‘…May God grant you greater strength to enable you to reach your Temple of Isis, where the purified fire may swallow up all your troubles and you may awake like a new phoenix’.
Dear Phoenix, perhaps from now on we know your real name is not Lisa but in fact Isis !!!!!
As further evidence of B’s deep awareness of Masonic symbolism, he may even have used this knowledge to mock Schindler’s sexuality (i.e. mocking his supposed ‘gayness’). Again, paraphrasing Solomon, B often referred to Schindler in letters as ‘Samothracian Rascal’ (JB, please confirm : Somotrazischer Lumpenkerl) ; ‘Samothracian’ is Masonic signifying one who is initiated into the ancient mystery cult – Cabirian – whose rituals included phallic worship.
Still with me, Forum members ? Then I’ll continue : now to the specifically musical side of the question (At last ! gasps Frits). To kick off, again Solomon : ‘Whether specific musical patterns or motifs in B’s instrumental music can be interpreted as characteristic-style topics or tropes drawn from […] Masonic musical symbolism remains an open question’. Thank you Mr Solomon, but open questions can be worth pursuing, as I explain very very briefly below.
JB, pay attention now : ‘It is true, for example, that almost all music written for use in Masonic rituals is in the key of E-flat major, the three flats [or the three sharps that JB refers to above ?] being of especial symbolic import […] But E-flat is not inevitably a Masonic key [stop smirking, JB !] [but …] Context drives interpretation in such instances ; we readily accept that such musical tropes express a Masonic symbolism when they occur in Mozart’s patently Masonic opera …’ Quite so, but given that Freemasonry’s main symbols are derived from architecture, did LvB weave Masonic motifs into the overture ‘The Consecration of the House’ ? (Op 124). The three quaver chords – as Tovey posits – could they be a Masonic symbol ? And no, JB, the tatatataa motif of B’s 5th symphony is not (in this context) remotely Masonic. Or could it be ? I have no comment to make right now about that. Only questions and an open mind.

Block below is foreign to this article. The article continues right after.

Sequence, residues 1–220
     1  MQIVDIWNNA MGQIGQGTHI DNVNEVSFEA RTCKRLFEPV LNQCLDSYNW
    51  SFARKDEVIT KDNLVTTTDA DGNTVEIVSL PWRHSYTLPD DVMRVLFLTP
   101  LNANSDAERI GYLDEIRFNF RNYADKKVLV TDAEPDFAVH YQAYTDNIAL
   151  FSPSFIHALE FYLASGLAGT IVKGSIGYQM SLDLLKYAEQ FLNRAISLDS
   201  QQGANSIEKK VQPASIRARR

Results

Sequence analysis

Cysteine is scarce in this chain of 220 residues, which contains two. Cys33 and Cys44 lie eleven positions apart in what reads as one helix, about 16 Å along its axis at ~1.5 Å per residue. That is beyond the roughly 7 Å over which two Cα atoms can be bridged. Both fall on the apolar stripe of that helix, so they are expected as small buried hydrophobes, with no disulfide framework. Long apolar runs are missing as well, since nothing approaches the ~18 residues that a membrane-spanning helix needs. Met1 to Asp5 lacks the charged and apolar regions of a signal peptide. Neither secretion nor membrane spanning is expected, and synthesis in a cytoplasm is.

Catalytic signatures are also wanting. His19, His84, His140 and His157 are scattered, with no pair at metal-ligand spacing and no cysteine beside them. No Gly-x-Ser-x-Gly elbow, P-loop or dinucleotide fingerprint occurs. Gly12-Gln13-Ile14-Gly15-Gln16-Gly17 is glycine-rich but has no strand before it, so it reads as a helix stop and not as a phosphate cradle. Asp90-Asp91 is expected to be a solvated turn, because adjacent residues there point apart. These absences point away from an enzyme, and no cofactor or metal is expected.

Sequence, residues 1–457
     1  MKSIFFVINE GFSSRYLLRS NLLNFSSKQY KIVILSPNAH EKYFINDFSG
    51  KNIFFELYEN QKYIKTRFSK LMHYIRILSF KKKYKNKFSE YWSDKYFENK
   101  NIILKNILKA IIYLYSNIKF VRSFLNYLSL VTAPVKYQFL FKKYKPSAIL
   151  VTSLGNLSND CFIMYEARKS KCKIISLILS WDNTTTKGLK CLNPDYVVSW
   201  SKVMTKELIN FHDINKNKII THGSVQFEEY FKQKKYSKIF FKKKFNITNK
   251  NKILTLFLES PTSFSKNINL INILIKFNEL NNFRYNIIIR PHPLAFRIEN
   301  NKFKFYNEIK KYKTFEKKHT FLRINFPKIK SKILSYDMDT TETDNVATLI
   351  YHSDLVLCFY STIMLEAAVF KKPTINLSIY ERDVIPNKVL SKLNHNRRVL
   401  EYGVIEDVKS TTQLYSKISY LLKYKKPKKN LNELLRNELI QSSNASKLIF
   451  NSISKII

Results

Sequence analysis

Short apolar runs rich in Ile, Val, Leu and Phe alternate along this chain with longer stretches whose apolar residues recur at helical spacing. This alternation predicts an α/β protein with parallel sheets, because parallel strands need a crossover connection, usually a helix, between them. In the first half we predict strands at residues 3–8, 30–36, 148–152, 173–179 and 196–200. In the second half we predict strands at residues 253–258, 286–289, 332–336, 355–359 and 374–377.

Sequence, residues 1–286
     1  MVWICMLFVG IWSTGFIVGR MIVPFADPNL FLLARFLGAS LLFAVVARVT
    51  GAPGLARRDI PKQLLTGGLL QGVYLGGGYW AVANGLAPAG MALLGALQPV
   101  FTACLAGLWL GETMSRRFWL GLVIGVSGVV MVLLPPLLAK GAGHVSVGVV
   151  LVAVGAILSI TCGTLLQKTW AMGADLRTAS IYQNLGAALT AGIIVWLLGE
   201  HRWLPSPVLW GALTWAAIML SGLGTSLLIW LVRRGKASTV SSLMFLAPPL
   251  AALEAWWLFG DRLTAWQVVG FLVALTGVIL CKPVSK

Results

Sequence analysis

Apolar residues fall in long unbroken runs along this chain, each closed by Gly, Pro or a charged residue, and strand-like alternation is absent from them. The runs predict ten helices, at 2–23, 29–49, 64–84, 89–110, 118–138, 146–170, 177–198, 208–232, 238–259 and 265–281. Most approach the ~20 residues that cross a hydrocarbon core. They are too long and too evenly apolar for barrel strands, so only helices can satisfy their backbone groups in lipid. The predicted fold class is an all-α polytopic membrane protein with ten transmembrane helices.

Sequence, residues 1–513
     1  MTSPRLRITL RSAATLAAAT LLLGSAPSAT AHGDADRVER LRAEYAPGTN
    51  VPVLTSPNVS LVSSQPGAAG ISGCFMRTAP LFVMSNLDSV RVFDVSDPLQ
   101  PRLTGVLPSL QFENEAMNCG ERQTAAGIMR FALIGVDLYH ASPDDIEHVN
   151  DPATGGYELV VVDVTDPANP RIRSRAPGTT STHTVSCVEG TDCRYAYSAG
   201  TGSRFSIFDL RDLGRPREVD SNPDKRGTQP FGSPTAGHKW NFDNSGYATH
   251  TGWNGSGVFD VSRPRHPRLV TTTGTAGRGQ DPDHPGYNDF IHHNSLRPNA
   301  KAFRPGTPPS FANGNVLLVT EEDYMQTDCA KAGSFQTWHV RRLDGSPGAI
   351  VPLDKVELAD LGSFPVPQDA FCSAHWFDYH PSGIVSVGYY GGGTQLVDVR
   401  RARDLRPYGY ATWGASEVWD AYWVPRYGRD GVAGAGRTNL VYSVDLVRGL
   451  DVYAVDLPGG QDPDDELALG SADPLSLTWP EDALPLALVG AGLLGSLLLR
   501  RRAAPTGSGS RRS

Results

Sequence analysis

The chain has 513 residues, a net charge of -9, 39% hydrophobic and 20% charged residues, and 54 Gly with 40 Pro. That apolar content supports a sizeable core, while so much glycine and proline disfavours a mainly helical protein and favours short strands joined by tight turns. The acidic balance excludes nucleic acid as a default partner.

Other Masonic allusions – the centrality of the idea of brotherhood in Freemasonry in Fidelio ? With lines added in the 1814 revision by both von Treitschke and LvB ?
Now to the Schiller (and therefore the Ninth symphony) part of the equation. I’ll attempt a brief summary : Schiller wrote ‘An die Freude’ during a period when he was in close contact with Masonic circles (though apparently not actually a lodge member). The poem however celebrates ‘Masonic brotherhood [given the] large number of musical settings of it that were composed and published in Masonic collections and widely used in the lodges’. I wonder if these settings were in any particular key ? JB – perhaps you could research this for us ? To continue, the poem can be interpreted then as a Masonic poem used by LvB ‘to represent a quasi-Masonic ceremony […].’ Is not the ‘Ode to Joy’ an affirmation of a central tenet of Freemasonry – brotherhood ? Solomon goes on to make a tasty conjecture – that if so, the whole ‘narrative structure’ of the 9th symphony would be conditioned by that viewpoint, that the finale’s great melody embodies the idea of fraternity and paints the preceding movements as a ‘journey’ to (Masonic) enlightenment, that the first three movements are in fact a series of initiatory experiences before reaching ‘Freemasonry’s highest plane of virtue’ ?
The second essay by Solomon (The Masonic Imagination) throws more light onto the imaginative impulses behind the music. Of particular importance is the Tagebuch that B kept from 1812 to 1821 and that Solomon considers ‘may permit us to expand the range of his Masonic references …’ In two entries B writes the years ‘5816’ and ‘5818’. Previous commentators have taken these dates to be slips of the pen. The dates are in fact the Christian calendar date plus 4000 – clear Masonic datings, for ‘many Masonic groups habitually placed the creation of the world (Anno Lucis) at 4000 B.C. Some Masonic documents employ other dating systems […], but the 4000-year differential is the one almost universally encountered in the lodges of France and Germany and in the records of Habsburg Freemasonry.’